How to Apply for Green Card


Get to know the full process

EB-3 Green Card



  1. You need to find an employer interested in hiring you and willing to petition for you or have a job offer already.
  2. When you find and employer this needs to confirm what salary or wages it should pay given the local job market by submitting a prevailing wage request to the Department of Labor (DOL). The DOL will respond by naming a salary or wage amount called a prevailing wage determination (PWD).
  3. Your employer needs to advertise for the job, recruits potential candidates, conducts interviews, and ultimately determines that no U.S. workers are qualified, willing, and available to take the job you’ve been offered. Employer advertising and recruitment in preparation for the labor certification request will take two months and 30 days of cooling period.
  4. Your employer completes a request for labor certification and sends it to DOL. The DOL’s approval means it’s confirming that no U.S. workers were available for the job and that you and your employer can go ahead with the process of applying for your green card. There’s an exception to this requirement: A few types of jobs don’t require labor certification, because they’re on the Schedule A list of workers that are in short supply within the United States. Professional nurses and physical therapists have been on the Schedule A list for years. After your employer files the request for labor certification, DOL will ordinarily take three to six months to issue a decision
  5. Your employer submits a visa petition on your behalf using the I-140 for to U.S. Citizenship and Immigration Services (USCIS). After your employer submits a petition (Form I-140) to USCIS, will likely take between three and eight months to issue of decision in regular process, but you employer have the option to submits under premium processing and the time will be reduce to only two weeks
  6. After the I-140 petition is approved, you wait until a visa is available, based on the date the labor certification application was filed (your priority date). The underlying issue here is that only a limited number of EB-3 visas are issued each year; a 28.6% of the total 140,000 employment-based immigrant visas made available annually, plus any unused Employment First and Second Preference visas. Of these, only 10,000 are allotted to unskilled workers. .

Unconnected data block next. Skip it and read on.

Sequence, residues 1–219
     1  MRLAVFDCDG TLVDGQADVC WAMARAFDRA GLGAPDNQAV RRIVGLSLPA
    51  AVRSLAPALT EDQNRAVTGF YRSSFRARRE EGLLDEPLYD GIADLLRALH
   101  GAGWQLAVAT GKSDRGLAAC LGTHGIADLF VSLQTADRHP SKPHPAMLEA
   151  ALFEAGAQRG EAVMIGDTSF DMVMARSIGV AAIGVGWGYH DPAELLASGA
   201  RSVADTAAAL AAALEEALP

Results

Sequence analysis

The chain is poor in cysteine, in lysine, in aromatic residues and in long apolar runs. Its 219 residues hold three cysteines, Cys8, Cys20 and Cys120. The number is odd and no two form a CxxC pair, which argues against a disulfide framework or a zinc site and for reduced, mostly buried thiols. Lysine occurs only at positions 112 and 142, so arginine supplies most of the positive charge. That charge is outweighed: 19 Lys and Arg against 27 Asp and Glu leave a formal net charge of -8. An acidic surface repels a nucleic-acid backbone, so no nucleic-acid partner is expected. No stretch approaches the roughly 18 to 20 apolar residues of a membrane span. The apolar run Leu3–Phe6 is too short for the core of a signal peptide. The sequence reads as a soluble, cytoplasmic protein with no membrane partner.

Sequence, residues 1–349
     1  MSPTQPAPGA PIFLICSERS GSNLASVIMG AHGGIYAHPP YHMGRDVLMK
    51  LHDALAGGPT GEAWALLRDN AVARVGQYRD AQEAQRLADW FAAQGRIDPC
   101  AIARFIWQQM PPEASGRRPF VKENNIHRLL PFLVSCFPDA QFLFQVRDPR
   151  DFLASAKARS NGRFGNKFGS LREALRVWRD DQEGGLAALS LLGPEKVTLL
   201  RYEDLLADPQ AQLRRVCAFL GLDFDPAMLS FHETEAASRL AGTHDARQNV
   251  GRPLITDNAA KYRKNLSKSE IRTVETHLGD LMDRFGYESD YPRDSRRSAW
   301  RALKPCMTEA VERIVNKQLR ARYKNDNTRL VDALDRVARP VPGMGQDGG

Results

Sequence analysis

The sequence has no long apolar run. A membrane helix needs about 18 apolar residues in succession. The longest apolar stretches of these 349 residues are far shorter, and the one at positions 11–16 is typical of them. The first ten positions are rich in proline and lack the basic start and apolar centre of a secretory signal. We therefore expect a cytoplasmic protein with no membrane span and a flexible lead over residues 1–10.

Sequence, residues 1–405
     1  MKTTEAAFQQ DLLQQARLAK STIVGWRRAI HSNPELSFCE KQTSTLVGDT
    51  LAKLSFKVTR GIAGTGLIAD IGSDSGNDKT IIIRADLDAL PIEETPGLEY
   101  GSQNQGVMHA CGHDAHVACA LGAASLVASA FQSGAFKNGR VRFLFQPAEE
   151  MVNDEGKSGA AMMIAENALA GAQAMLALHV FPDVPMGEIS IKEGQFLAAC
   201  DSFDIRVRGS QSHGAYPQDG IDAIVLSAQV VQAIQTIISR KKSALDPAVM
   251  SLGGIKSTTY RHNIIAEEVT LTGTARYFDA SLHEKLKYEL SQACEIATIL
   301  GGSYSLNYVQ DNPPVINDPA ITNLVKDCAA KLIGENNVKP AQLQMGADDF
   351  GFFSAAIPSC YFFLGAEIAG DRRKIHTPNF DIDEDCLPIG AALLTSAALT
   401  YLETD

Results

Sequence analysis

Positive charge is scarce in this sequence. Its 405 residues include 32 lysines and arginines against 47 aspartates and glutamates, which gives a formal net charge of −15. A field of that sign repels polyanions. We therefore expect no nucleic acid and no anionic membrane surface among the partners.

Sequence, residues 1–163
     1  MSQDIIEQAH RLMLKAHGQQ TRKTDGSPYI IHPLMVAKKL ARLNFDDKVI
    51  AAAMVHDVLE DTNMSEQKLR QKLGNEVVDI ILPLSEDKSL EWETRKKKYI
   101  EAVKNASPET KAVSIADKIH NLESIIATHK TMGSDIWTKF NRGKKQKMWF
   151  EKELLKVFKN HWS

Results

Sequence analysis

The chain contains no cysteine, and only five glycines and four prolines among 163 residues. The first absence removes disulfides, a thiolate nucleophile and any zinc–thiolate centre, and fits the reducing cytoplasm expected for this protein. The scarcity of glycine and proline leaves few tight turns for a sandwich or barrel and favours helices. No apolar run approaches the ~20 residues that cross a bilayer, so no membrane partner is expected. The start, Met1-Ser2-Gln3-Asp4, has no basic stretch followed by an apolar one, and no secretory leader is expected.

• After USCIS issues its approval of the I-140 petition, check on what priority dates are becoming current by looking at the State Department’s Visa Bulletin The date shown on the chart in your category (3rd preference) reflects the priority dates of people finally receiving visas.
  1. You can track your priority date’s progress by following the State Department’ VISA BULLETIN. Skilled and professional workers must look under “3rd” on the Employment-Based visa table. Unskilled workers must look at the “Other Workers” row. Also check the columns to see if your home country is separately named, which happens when the per-country limit is reached.
  2. When your priority date becomes current, you submit with the representation of a US immigration attorney your DS-260 application for an immigrant visa if you are outside the U.S. or  an I-485 for USCIS interview if you’re legally in the U.S. and eligible to use the procedure known as adjustment of status
  3. You attend an interview at a S. consulate where your immigrant visa EW-3  may  be approved. local USCIS office, where your green card may be approved.



Your only commitment is to work for a year with our sponsor. And the best is that no experience is require!


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